Making the decision to file for disability can be a difficult one. Most people don't like the idea of having to cut back on working, but when a health problem makes it nearly impossible to work, they really have no other choice. However, the approval rate for the first-time applicant is around 35%. That means 65% of those who apply for disability benefits will be denied and have to go through the appeals process. Here are three things that can cause your disability claim to be denied.
1. You make too much money.
Most people know that there are income limits once you begin receiving disability benefits, but they don't realize that the same income standards are used when you first apply as well. The Social Security Administration (SSA) uses what is called substantial gainful activity, or SGA, to help determine whether or not an applicant is eligible to receive disability benefits.
As of 2015, the current SGA is $1,090 for non-blind applicants and $1,820 for those who are blind. If you make more than that when you apply for your disability benefits, you will be denied because, in their mind, you are still able to work full-time hours to make a living. Be sure to reduce your hours so you're only working part-time before you go through with your disability appeal.
2. You haven't followed your doctor's treatment plan.
Your disability claim can also be denied if your application shows you haven't followed the treatment plan prescribed for you. You have to demonstrate to the SSA that you have tried to improve your condition so you can work full-time. If they see that your doctor has suggested several treatment options and you haven't tried any of them, they won't approve your disability claim.
Of course, there are some valid reasons for not following through with certain treatments suggested by your doctor. At your appeal, you can defend your reasons for not following your doctor's treatment plan. Some acceptable excuses the SSA will consider include:
- The treatment violates your religious beliefs
- The treatment is too expensive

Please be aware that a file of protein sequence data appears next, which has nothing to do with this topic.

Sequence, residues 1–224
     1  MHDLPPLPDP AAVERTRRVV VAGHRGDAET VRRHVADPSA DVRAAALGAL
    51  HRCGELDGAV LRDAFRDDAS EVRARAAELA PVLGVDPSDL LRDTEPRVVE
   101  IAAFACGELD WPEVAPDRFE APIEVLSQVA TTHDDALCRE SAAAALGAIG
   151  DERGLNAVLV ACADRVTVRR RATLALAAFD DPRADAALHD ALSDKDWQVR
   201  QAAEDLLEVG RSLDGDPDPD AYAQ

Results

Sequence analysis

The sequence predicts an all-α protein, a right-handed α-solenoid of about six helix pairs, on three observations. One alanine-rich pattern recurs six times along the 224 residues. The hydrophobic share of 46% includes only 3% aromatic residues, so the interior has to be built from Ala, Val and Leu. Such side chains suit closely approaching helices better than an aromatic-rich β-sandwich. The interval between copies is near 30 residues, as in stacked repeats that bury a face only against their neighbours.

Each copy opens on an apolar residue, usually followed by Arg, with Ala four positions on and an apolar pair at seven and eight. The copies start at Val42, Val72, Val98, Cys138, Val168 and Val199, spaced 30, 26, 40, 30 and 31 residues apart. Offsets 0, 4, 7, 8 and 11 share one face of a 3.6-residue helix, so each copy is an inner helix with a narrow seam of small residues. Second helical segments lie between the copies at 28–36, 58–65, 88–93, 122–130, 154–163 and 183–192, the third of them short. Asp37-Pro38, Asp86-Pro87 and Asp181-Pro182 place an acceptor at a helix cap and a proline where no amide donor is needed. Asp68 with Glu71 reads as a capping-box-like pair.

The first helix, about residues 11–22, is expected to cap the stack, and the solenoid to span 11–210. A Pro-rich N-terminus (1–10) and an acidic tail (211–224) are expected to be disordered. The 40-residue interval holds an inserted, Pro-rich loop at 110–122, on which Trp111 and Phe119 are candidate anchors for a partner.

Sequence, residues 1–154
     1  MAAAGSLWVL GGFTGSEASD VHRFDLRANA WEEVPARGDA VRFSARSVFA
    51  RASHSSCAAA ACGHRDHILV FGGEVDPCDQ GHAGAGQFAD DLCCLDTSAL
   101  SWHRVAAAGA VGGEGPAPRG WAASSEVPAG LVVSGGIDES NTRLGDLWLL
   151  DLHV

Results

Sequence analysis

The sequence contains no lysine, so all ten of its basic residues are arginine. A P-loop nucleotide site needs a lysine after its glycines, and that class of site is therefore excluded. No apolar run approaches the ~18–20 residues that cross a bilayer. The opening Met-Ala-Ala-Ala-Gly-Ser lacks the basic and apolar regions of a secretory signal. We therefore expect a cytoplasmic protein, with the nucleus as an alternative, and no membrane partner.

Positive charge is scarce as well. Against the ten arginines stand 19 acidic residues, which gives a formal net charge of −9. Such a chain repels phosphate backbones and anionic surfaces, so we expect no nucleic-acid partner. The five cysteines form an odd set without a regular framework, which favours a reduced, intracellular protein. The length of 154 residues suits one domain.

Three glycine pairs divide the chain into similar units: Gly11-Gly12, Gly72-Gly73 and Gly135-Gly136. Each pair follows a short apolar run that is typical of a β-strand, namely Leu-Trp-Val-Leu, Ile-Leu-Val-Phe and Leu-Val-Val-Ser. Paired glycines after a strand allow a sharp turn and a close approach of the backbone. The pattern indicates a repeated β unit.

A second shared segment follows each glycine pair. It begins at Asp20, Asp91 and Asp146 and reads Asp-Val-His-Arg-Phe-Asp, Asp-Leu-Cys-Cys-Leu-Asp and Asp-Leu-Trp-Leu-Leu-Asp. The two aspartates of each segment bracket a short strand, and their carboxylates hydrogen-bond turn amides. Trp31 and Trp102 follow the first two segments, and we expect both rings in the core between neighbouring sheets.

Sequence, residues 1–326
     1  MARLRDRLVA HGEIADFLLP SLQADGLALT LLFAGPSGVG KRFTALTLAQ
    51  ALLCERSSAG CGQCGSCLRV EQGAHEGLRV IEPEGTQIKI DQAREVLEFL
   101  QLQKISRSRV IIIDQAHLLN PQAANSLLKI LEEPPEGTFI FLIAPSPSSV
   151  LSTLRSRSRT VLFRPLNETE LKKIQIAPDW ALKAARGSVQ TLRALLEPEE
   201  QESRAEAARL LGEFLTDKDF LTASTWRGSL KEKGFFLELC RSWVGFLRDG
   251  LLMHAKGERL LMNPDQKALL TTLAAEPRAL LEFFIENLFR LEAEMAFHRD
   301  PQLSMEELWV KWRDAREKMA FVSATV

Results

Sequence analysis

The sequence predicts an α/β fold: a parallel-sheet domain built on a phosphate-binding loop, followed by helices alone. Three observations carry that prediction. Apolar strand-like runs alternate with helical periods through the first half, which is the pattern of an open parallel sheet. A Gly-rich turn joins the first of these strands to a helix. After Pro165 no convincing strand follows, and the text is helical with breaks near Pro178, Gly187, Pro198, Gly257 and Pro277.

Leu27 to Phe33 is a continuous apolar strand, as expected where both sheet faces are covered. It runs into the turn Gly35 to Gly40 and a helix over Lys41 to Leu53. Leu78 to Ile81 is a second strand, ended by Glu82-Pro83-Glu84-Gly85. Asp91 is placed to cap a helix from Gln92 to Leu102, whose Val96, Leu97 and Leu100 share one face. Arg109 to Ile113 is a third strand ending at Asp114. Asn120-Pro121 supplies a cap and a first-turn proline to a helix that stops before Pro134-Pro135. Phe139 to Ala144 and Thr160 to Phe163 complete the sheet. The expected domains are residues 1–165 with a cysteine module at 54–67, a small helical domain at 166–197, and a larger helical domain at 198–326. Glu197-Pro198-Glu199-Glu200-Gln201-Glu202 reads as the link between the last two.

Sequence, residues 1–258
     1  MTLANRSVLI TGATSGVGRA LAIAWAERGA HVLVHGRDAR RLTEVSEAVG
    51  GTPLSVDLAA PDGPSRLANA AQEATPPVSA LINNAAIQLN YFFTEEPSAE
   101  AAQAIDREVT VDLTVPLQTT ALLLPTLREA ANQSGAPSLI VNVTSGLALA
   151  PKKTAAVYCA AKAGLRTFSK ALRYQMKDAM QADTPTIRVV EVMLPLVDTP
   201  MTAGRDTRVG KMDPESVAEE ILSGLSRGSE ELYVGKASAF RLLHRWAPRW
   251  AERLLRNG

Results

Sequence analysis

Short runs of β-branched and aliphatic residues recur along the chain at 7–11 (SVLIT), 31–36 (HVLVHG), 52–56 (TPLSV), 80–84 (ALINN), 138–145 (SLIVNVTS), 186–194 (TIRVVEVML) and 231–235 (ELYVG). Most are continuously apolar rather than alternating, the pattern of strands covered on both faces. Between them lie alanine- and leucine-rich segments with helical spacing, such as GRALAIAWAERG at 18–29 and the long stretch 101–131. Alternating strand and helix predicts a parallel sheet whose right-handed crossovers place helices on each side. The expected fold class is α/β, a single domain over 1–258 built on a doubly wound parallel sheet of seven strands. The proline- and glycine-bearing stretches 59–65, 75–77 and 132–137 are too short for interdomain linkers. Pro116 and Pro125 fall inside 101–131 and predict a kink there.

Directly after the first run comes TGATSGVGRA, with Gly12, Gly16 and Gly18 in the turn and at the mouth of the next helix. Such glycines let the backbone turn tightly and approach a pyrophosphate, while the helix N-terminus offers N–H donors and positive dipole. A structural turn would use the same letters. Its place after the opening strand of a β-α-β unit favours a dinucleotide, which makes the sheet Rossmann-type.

- The side effects of the treatment far outweigh the benefits
- You have an intense fear of surgery
- The surgery is far too risky for your current health condition
- You have a mental illness that causes you to not want to comply with any medical treatment
That list isn't exhaustive - there are other reasons the SSA may consider. However, you need to be certain that you take enough documentation to back up your reasons when you go to your appeal. The SSA won't just take your excuse without having proof to back it up.
3. The SSA tried contacting you for further information, but couldn't reach you.
When you apply for disability, you need to make sure to include accurate contact information so the SSA can reach you if they need more information. Oftentimes a disability examiner will contact an applicant to clarify information included with their application - or to see why certain information is missing.
For example, if you don't submit enough recent medical documentation with your application, an examiner may contact you to let you know you need to have a Social Security medical exam.
If the examiner tries to contact you, but they don't have accurate contact information, it can lead your claim to be denied. If your contact information changes after you file your claim, be sure to contact the SSA to update your information. For further assistance, contact a local disability attorney, such as Bruce K Billman.Share